Complexities of Caregiving


After being a cancer caregiver, it's important to step back and gain perspective.

When I think back to when my sister was diagnosed, the thing that sticks out the most in my mind was the innate fear of losing her to cancer. I was both angry and scared that her unwillingness to be seen would mean that no amount of treatment would save her. I was afraid that no matter how much anybody did for her, or how much she did for herself, that she would die anyway.

As her sister, I had my own set of emotions to cope with. Those emotions became far more complex when she chose me to be her power of attorney. In part, those emotions came to matter less because the choices I was charged with making had to be all about her. My personal emotions as her sister, including any leftover anger that I felt for how her diagnosis happened, needed to be set aside. It was a role that I don’t think anybody wishes to find themselves in, and a role that I filled for years.

In that time, so many things occurred with her care and we consistently fought an uphill battle to get her healthy. In some cases, it wasn’t even the end goal of remission that was at the forefront, but just getting her healthy enough to be able to continue any treatment in an effort to give her more time.

In some of the more difficult moments, people would express both their sympathies and awe at the dual roles that I was filling. It is nearly as hard to reflect back on those moments as it was to react to them as they were happening. While I may have regrets about what happened during, I do not regret taking the role of caregiver. But I didn’t ask for the power of attorney role and I do wish that it had not been a job that I was required to do. The reality is that I didn’t have that option.

Since my sister has gained remission, I have worked in various ways to personally move past all that happened. In some ways that was made quite difficult because of how close I was to cancer as a sister and a caregiver. Both have left me with equally unique challenges to overcome. The most common thread between them is the guilt that I often have felt.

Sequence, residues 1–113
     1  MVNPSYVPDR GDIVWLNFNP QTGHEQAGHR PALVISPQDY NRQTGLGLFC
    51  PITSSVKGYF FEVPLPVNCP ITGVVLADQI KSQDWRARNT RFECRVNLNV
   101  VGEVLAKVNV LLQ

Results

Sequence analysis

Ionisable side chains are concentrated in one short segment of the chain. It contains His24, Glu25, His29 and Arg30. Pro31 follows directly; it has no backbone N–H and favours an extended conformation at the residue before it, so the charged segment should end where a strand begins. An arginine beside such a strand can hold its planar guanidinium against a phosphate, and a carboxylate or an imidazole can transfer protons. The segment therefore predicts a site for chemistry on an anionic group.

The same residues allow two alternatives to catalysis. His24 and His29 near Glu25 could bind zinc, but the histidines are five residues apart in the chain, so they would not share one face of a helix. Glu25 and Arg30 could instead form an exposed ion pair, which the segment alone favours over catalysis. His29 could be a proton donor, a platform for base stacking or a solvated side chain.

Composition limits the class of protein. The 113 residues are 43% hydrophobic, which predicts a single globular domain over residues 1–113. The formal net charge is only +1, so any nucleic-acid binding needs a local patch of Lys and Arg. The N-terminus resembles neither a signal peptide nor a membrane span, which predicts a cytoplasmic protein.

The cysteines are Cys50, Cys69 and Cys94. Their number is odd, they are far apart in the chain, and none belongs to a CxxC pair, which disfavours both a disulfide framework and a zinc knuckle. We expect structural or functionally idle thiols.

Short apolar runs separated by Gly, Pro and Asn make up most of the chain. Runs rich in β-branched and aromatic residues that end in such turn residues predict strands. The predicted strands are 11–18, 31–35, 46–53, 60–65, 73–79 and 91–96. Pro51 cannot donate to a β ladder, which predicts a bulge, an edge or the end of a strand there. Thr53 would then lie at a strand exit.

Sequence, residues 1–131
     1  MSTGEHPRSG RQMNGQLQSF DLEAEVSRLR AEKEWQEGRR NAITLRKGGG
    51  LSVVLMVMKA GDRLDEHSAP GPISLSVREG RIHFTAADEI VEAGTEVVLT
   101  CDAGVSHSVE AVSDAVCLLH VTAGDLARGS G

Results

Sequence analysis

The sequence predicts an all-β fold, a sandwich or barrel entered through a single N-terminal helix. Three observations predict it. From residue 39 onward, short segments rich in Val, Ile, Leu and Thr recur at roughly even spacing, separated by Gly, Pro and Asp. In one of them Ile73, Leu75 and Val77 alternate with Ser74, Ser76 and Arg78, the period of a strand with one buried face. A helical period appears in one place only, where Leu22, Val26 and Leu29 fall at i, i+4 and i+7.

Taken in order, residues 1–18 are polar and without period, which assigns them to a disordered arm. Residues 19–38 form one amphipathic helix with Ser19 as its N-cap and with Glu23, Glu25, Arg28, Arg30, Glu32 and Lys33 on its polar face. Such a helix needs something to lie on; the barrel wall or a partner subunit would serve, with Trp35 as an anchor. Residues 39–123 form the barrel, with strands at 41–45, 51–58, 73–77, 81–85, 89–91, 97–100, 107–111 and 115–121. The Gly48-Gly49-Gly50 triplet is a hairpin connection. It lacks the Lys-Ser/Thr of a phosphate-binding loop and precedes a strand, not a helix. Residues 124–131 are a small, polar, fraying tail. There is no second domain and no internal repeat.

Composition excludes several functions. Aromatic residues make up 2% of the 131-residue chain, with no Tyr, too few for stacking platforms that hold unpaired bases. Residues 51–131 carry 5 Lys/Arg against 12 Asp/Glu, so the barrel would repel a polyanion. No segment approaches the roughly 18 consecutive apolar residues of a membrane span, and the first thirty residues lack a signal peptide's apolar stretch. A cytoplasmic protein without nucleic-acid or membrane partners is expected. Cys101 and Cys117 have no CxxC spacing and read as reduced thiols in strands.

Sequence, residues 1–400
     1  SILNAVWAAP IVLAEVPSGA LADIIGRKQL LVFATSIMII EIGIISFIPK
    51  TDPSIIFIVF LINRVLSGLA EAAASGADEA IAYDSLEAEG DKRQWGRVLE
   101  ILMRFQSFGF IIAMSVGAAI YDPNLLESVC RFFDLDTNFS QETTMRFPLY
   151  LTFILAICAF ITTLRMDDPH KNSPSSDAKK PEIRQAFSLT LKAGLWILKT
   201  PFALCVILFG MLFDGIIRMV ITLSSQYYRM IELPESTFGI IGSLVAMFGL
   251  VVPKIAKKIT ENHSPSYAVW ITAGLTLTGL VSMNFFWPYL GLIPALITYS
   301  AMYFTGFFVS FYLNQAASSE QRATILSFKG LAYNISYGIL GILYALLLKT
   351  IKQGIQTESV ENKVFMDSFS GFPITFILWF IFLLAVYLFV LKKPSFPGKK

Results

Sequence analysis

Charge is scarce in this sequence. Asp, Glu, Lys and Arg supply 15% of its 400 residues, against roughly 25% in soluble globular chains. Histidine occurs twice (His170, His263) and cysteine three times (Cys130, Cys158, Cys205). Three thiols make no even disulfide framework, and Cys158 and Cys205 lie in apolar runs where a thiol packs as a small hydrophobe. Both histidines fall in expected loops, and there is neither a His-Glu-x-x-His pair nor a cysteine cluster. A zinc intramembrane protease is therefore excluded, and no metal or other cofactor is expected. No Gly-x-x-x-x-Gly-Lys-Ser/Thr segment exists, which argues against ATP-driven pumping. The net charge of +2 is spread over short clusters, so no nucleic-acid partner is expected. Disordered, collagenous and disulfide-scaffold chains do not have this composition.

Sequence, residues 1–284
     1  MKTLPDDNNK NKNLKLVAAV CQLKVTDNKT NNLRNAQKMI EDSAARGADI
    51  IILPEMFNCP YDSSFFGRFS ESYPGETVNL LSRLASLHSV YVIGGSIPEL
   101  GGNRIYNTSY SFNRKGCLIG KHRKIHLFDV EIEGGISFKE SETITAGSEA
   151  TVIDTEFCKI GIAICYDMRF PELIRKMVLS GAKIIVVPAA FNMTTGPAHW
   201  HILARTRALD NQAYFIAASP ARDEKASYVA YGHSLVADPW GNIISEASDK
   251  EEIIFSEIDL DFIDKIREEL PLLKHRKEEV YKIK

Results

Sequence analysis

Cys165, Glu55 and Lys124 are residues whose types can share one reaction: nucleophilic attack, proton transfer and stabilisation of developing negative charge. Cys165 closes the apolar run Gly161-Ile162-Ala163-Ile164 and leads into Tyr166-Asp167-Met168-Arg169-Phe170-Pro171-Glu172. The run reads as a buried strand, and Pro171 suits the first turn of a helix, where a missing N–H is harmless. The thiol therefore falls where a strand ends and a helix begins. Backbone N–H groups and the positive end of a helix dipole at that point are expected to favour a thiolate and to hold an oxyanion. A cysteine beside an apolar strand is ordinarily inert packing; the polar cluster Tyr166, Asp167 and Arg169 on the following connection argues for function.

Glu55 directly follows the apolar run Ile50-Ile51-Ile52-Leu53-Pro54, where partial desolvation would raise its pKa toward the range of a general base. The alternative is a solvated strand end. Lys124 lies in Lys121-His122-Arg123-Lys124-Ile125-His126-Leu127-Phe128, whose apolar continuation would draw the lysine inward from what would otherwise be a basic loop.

When she was diagnosed, it was hard to go on with a normal life. When she was thought to be terminal, it became even harder to push on with the knowledge that she would be losing her life. Thinking about not having my sister for some of life’s biggest milestones was never a reality that I could reason with. It was one of the many things that motivated me to fight so diligently for her through her cancer journey.

After cancer, something that I have put the most work into is forgiveness of my own perceived failures and guilt. No matter how often people compliment, encourage or praise how well I performed as a caregiver and sister, the reality is that my opinion is different.

My guilt during and after cancer stems from various things. During cancer, I was guilty about how I spent my time, thinking that I shouldn’t be anywhere but her bedside all the time. When I wasn’t researching and looking into ways to help find a cure for her, I felt that I shouldn’t be doing anything but spending time with her. In my mind, she was going to die and so I had much more time than she did. Anything I wanted to do could be done later. She didn’t have that guarantee of later.